Wind-eroded rocks and the Asgard Range in the background










Part of this year's objectives was to sample cryoconite holes on the Upper Wright Glacier. They are vertical water-filled holes in the gaciers that are up to ca. 1 m in diameter and up to ca. 60 cm deep. At the bottom of these holes there is always a layer of sediment or small rocks, and many of these cryoconite holes have an ice lid. These cryoconite holes are formed by wind-blown dust and small rocks that melt into the ice. Some of our aims are to characterise the microorganisms living in these ice-entombed habitats and evaluate the relationships to microbial communities in other aquatic ecosystems in Antarctica.



Upper Wright Glacier and the large ice fall that is coming down from the polar plateau




Stunning geological strata




Hunting for croconite holes on Upper Wright Glacier





Ian and Hannah are drilling into a cryoconite hole




Most of the cyanobacterial mats that we have found were orange pigmented and the macroscopic structure was flaky to cohesive. The orange colour is due to carotenoids which are an protection against UV and oxidative stress.


I had a small light micrscope with me in the field and the genus Leptolyngbya dominated the orange mats. Leptolyngbya are filamentous non-branching cyanobacteria belonging to the order Oscillatoriales. They are mostly between 0.5-3 micrometre thick. However, the lower side of the orange layers sometimes had green pigmentation, which besides the Leptolyngbya also had some Phormidium. The genus Phormidium also belong to the order Oscillatoriales, but they are thicker with a width of around 5 micrometres.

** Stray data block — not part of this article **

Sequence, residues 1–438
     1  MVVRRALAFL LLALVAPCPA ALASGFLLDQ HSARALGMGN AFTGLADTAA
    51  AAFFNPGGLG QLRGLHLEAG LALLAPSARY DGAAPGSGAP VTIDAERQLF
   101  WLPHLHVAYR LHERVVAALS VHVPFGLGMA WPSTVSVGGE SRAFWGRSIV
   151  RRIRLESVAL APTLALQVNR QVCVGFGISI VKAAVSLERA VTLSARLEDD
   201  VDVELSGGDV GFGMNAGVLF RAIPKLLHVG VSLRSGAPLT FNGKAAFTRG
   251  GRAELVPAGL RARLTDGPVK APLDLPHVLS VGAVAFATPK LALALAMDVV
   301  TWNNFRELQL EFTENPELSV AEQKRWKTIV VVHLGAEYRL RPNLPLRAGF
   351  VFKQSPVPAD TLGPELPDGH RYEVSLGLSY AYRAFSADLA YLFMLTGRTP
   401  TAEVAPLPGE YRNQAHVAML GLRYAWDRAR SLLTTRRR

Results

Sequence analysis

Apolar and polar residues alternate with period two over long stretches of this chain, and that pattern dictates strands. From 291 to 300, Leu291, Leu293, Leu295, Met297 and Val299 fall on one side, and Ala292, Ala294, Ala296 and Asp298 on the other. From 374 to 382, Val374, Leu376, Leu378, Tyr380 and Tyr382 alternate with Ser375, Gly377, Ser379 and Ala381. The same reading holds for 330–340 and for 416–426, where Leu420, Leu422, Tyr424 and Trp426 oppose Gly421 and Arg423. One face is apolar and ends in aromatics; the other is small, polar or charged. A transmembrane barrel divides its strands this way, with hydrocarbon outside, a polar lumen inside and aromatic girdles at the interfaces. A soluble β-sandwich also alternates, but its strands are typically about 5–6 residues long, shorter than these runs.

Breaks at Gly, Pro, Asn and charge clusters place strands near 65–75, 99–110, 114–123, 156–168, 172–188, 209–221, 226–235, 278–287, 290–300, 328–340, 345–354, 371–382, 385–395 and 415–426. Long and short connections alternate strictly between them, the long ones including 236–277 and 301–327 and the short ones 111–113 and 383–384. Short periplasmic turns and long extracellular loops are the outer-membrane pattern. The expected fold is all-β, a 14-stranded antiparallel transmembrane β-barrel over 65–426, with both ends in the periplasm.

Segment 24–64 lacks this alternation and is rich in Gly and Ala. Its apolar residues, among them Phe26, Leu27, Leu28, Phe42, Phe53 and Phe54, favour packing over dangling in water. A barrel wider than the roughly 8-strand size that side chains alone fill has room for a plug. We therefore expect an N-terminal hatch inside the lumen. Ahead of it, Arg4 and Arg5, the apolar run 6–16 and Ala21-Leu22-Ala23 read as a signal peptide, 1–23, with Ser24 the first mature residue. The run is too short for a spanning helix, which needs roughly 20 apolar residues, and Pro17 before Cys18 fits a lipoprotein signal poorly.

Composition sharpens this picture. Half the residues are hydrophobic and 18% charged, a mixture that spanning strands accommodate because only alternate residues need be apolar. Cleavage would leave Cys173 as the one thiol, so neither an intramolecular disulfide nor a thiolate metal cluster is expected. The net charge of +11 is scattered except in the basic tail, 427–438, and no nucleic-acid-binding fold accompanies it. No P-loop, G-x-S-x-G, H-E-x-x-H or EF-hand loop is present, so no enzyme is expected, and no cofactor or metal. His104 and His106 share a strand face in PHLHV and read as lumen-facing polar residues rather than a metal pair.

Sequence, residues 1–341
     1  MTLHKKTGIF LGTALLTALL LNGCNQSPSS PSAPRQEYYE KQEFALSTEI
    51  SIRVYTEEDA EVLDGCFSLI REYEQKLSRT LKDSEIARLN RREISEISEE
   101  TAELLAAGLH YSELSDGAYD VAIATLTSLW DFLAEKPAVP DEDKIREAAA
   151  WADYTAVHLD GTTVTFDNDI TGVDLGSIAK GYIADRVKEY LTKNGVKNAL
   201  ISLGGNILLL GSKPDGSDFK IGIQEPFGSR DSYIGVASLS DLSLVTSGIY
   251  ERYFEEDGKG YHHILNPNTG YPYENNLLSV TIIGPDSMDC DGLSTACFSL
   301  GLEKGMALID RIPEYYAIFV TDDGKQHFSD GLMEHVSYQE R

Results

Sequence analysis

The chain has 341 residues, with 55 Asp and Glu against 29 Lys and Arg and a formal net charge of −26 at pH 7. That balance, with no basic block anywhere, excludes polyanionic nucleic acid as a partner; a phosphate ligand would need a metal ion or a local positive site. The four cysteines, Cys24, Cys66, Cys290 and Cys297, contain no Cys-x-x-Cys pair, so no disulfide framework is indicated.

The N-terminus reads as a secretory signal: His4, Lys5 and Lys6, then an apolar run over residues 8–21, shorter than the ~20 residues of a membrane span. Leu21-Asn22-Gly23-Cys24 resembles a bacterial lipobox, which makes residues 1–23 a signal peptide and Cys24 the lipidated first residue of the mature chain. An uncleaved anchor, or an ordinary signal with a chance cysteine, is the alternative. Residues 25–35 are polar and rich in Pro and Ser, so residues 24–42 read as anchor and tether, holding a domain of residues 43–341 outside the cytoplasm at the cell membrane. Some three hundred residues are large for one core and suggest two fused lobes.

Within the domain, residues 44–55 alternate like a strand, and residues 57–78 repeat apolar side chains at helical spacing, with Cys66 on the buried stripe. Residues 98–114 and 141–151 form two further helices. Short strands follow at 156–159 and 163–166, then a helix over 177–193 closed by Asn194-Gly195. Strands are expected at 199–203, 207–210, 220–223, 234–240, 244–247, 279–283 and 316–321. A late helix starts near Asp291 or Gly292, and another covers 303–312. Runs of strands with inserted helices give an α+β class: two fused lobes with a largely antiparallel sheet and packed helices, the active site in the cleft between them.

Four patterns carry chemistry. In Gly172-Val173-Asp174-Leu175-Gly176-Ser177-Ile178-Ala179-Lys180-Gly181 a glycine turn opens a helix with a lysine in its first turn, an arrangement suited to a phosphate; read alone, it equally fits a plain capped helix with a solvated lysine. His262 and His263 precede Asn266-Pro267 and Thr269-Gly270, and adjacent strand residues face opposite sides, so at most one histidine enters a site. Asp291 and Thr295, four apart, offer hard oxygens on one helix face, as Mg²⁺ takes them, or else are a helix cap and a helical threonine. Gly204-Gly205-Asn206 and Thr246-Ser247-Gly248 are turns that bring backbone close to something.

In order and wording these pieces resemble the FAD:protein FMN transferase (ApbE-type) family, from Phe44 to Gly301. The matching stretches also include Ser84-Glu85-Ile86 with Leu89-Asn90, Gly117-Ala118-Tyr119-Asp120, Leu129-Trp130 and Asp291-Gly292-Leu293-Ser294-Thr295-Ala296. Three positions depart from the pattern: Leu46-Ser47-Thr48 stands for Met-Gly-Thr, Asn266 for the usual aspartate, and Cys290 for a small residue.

Flaky orange-pigmented cyanobacterial mats dominated by Leptolyngbya



Cohesive orange-pigmented cyanobacterial mats



green lower side of cyanobacterial mat with Phormidium


Interestingly, we also found some cyanobacterial mats which were dark purple to black. This colour is due to the UV-screening Scytonemin. We found the genus Schizothrix sp. (Oscillatoriales)  in the mats which is known to produce Scytonemin. We also found several ponds with large accumulations of the genus Nostoc, which belongs to the order Nostocales and has specialist cells called heterocysts for nitrogen-fixation.


Cyanobacterial mats with the Scytonemin-producing genus Schizothrix



Nostoc accumulations in a meltwater pond



We also found a few ponds with green algae. Green algae biofilms are easy to distinguish from cyanobacteria as green algae are very bright green.


Green algae



The Wright Valley is one of the ice-free Dry Valleys. The Upper Wright valley is characterised by the so-called Labyrinth, which is an area of steep-sided canyons and channels. It is mainly dolerite and most rocks are bright red. Based on the literature it was formed by large 'floods during the mid-Miocene era'.


The Labyrinth




In the area you can find many strangely shaped rocks. They are called ventifacts, and are wind- and dirt-sculpted rocks.